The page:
Online lingerie company Adore Me also moved into bricks-and-mortar in 2018 following frequent requests from its customers. “With our growth trajectory, establishing physical retail in more cities across the U.S. was an excitingly natural step for us,” says Iris Voltaire, Business and Brand Development Manager at Adore Me. “We believe the demand for brick-and-mortar stores is related to the emotional and intimate aspect of trying on lingerie in person. We want to offer customers the option to come into our physical store, let them touch our product and fabrics, and get a personal one-to-one fitting with our stylists.”
In the end, it all comes down to experience. To build a successful store, retailers should differentiate with an experience signature, advises Nathan Watts, Creative Director at FITCH. “What does this brand stand for, and how is that relevant for the customer? Based on that, choose locations and offerings with the care and thoughtfulness of an online retailer. Less can be more in terms of store locations and openings, because it helps focus and prioritise investments into the experience, rather than widespread investment and generic experiences all round.”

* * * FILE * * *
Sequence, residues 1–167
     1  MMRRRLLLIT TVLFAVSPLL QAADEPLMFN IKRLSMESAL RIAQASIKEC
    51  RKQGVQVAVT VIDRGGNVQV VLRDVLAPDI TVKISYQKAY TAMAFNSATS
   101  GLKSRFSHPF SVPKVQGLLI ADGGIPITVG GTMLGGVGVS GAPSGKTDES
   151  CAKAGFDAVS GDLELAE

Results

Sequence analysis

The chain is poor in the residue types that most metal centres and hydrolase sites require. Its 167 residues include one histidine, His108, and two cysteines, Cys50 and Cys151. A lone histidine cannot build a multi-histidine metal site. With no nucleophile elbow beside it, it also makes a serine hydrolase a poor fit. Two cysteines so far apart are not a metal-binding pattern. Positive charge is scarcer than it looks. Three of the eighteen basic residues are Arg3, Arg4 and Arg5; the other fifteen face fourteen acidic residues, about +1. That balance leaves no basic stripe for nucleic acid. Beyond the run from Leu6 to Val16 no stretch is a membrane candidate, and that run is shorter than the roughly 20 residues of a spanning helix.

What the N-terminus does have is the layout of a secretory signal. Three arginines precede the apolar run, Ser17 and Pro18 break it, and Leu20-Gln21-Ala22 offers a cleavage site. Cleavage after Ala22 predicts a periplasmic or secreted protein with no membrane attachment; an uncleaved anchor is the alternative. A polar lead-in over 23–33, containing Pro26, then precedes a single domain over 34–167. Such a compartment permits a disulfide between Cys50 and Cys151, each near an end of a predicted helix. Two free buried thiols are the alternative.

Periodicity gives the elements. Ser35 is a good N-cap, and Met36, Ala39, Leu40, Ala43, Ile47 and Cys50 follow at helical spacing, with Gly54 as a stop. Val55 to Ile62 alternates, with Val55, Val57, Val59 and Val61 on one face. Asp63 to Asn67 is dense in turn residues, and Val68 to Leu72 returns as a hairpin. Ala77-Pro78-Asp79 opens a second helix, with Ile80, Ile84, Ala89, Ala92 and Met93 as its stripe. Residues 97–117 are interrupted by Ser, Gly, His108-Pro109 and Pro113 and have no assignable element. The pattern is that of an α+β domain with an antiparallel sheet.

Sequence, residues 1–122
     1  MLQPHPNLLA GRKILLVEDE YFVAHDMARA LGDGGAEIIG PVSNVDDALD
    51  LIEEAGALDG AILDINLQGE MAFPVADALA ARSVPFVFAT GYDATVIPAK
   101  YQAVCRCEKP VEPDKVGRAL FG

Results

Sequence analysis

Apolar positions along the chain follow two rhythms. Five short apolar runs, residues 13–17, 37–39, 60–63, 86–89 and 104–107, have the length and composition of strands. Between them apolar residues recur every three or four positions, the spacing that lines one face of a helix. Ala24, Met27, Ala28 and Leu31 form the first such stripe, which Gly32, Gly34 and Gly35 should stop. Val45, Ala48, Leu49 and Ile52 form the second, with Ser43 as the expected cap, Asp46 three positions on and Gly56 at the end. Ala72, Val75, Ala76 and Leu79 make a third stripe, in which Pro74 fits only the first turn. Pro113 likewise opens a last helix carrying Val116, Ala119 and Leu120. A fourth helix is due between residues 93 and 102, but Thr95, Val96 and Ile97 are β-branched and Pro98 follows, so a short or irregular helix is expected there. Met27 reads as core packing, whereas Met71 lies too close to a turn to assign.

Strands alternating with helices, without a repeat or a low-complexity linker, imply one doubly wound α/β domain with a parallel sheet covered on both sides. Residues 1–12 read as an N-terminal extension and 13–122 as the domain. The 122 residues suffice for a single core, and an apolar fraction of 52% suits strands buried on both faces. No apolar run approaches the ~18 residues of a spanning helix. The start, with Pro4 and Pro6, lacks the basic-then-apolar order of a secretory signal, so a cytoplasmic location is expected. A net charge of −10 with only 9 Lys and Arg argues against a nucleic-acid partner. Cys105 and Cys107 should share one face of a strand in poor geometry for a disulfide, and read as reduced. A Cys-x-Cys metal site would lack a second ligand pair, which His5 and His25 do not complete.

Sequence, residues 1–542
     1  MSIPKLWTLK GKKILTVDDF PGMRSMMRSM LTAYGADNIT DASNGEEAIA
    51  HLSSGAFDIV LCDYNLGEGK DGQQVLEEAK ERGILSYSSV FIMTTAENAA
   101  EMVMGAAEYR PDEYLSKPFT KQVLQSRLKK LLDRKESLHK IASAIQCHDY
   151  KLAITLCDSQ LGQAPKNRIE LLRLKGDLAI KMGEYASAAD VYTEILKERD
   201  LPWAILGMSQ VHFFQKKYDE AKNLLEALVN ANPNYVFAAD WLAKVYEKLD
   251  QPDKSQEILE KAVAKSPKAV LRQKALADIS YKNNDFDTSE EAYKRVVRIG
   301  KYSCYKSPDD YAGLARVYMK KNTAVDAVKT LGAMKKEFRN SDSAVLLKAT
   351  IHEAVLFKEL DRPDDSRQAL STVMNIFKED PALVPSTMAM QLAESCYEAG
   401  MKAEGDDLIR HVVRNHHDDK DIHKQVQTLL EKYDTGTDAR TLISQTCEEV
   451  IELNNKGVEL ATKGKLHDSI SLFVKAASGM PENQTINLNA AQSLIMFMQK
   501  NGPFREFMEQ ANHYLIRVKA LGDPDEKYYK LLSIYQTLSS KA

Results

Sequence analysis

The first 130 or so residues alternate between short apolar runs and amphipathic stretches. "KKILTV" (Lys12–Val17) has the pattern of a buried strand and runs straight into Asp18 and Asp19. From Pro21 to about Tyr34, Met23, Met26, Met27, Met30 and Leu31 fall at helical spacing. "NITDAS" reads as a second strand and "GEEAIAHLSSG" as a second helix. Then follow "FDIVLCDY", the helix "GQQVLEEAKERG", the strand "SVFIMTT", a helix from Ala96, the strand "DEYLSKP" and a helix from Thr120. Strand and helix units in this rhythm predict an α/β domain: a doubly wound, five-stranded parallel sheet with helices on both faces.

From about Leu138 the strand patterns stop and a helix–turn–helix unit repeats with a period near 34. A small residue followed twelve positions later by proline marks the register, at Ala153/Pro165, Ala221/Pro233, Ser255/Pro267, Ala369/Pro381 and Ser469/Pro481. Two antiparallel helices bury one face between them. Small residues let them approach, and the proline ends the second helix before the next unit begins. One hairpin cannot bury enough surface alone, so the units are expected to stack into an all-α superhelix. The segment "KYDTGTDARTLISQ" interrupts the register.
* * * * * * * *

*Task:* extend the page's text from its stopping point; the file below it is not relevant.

Ultimately, consumers want a seamless shopping journey, and retailers should therefore be looking to integrate their online and offline channels to ensure a consistent brand experience. “The real opportunity is when brick and click are not oppositional but integrated touchpoints to be enjoyed and used as part of the overall customer experience,” says Watts. It is not a question of whether online or offline have a future, but how brands use both in a meaningful way.
Especially for Pureplayer EuroShop is the ideal platform to find all solutions necessary for the operation of stationary shops. This applies not only to technology, but above all to store design, shop fitting, visual merchandising, lighting and digital marketing solutions for the point of sale. At EuroShop, the entire range of all necessary components will be covered to turn shopping worlds into worlds of experience for the customer.
EuroShop 2020 is open to trade visitors from Sunday, 16 to Thursday, 20 February 2020, daily from 10.00 am to 6.00 pm. 1-day tickets cost EUR 80 (EUR 60 purchased in advance online/e-Ticket), 2-day tickets are EUR 120 (EUR 100 purchased as e-Tickets) and season tickets are EUR 180 (EUR 150 e-Tickets). Admission tickets include a free return trip to EuroShop on all networks of the VRR transport authority (Verkehrsverbund-Rhein-Ruhr). www.euroshop.de